Ways to get help
If you think you are being abused or harmed, or it’s happening to someone you know, you should tell someone.
- If you are in immediate danger, phone 999 and ask for the Police;
- If you are not in immediate danger, you can call the National Domestic Abuse Helpline on 0808 2000 247;
- If you can’t call because your abuser is in the home, you can still contact the Helpline via Refuge’s contact form at www.nationaldahelpline.org.uk;
- You can also contact your local council for help.
Below you will find other sources of help and information.
Safe Spaces (UK Says NO More)
UK pharmacies signed up to the campaign are able to provide a safe space for victims of abuse to support them to seek help from abuse – make contact with specialist services if needed. There is a toolkit which allows victims to search nearest safe space site available in their community.
In addition to the Safe Spaces scheme, the Ask ANI campaign provides a more subtle codeword and way to access help via pharmacies.
Ask ANI (Action Needed Immediately) is a codeword scheme which enables pharmacies to help victims of domestic abuse seek help within their community.
The scheme has been designed to enable pharmacy staff to respond to the use of the codeword using a simple and straightforward process:
- Offer to accompany the person to the consultation room or private space
- Ask if they are in danger or in need of immediate help and want the police to be called:
- If yes, call 999 and inform the call handler that a codeword ‘ANI’ response is required. The call handler will assess the situation and dispatch help
- If no, share helpline details and offer a private space and a phone for the person to make this call themselves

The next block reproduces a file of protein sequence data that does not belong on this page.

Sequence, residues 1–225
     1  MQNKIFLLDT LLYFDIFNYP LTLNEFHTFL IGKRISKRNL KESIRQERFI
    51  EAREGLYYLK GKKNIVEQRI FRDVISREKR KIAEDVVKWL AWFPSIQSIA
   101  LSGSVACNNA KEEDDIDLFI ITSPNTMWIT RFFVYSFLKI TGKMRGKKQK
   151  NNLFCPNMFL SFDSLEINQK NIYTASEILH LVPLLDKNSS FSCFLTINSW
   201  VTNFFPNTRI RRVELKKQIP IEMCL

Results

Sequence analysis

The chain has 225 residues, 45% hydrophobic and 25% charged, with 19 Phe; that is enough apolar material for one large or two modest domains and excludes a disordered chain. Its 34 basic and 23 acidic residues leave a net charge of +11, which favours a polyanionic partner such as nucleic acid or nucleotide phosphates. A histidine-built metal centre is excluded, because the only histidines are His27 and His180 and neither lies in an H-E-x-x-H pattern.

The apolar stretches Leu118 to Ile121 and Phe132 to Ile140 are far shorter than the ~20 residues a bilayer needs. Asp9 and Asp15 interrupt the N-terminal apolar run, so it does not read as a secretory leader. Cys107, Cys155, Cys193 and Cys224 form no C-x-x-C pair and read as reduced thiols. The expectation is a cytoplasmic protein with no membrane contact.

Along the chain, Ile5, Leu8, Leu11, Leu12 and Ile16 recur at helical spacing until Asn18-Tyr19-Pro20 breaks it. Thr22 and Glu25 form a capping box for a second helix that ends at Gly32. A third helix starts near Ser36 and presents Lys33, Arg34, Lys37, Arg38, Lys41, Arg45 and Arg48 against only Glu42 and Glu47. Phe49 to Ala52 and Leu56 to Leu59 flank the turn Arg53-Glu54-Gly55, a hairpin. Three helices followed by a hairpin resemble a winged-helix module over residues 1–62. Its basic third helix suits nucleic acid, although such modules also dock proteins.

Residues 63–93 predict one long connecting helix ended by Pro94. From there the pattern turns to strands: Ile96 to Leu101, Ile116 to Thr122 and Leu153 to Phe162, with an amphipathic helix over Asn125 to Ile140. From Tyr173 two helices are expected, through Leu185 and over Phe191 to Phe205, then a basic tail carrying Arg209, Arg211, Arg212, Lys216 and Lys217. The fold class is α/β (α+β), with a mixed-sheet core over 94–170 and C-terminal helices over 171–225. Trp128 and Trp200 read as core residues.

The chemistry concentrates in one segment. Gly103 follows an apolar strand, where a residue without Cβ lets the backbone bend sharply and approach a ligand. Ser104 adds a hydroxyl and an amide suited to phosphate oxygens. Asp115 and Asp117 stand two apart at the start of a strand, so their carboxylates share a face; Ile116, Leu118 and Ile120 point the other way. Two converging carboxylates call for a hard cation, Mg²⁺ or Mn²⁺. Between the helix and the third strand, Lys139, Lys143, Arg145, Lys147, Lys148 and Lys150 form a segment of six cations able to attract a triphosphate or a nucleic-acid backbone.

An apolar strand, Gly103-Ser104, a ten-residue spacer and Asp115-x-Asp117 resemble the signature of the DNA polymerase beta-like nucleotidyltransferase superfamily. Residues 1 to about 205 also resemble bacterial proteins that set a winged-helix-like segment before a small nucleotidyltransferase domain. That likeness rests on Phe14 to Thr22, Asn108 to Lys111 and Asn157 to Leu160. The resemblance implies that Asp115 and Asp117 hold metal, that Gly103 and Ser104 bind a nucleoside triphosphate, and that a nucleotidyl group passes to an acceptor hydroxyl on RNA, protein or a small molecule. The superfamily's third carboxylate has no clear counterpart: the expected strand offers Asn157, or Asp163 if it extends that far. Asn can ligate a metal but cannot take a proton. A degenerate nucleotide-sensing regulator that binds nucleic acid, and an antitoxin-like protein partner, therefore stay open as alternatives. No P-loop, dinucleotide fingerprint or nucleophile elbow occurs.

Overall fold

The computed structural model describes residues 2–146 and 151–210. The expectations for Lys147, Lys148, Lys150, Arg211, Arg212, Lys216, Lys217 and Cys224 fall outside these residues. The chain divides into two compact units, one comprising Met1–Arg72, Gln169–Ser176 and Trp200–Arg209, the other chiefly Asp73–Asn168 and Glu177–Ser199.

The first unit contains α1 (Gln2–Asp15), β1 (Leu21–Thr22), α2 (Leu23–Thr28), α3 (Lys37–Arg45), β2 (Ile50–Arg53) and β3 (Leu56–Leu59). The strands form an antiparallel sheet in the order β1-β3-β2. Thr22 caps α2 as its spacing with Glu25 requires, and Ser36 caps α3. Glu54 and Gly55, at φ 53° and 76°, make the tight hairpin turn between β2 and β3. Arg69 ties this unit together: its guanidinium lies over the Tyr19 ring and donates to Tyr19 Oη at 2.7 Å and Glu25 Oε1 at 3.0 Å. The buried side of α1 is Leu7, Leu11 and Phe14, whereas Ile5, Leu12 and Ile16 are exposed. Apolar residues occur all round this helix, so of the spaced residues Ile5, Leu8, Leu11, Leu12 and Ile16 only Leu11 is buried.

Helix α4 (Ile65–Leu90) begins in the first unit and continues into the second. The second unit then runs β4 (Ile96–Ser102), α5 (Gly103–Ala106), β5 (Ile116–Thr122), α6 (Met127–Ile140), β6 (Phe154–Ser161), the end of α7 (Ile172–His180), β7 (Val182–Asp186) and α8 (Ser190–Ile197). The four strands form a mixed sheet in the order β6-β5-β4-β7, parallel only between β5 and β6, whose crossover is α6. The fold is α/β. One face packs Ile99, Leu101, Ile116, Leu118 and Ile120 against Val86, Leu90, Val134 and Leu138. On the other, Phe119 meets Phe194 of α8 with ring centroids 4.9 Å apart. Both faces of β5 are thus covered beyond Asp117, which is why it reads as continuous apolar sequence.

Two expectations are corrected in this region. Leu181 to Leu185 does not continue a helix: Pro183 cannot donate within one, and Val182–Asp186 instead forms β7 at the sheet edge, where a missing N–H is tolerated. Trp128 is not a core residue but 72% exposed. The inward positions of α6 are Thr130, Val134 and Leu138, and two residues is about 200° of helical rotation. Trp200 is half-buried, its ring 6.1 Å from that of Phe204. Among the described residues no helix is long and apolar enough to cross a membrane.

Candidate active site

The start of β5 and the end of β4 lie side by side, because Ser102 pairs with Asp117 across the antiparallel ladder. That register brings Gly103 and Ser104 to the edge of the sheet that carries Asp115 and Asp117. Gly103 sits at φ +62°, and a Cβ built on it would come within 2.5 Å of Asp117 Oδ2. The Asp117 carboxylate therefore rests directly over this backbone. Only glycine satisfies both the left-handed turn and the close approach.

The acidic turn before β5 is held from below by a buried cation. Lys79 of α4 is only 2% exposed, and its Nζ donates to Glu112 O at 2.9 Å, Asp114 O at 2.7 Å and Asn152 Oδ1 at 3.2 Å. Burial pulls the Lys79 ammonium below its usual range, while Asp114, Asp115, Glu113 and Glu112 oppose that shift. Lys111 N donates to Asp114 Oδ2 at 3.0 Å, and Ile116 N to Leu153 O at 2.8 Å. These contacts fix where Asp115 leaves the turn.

There is a misconception that the police will always attend if you stay silent after calling 999 – This is not correct.
When you dial 999 anywhere in the UK, your call is answered by telephone operators from BT, who will then direct your call to the most appropriate emergency service.
Each day the 999 service receives large numbers of accidental 999 calls, particularly from mobile phones. BT’s operators will attempt to confirm there is an emergency by asking the normal questions in order to receive a response.
If suspicious noises are heard, the call will be:
- Put through to the police or the caller will be asked to press/dial 55 which will also route the call to the police.
- IMPORTANT: The Police do NOT automatically have details of the callers location (particularly for mobile phones) so we can’t automatically send police to your location.
The BT operator will pass on to the police any information they have been able to establish and the police Customer Contact Centre Agent will then also attempt to assess if there is an emergency and the location of the caller.
emergencySMS - if you are deaf or can’t verbally communicate
You can register with the emergencySMS service. Text REGISTER to 999.
You will get a text which tells you what to do next. Do this when it is safe so you can text when you are in danger.
RAIL TO REFUGE (Women’s Aid)
The Women’s Aid Rail to Refuge scheme means that survivors with a confirmed refuge space can travel for free across England, Scotland and Wales.
BRIGHT SKY App
Everyone’s business (Hestia)
Provides support to employers to ensure organisation have framework in place to support staff who experience domestic abuse.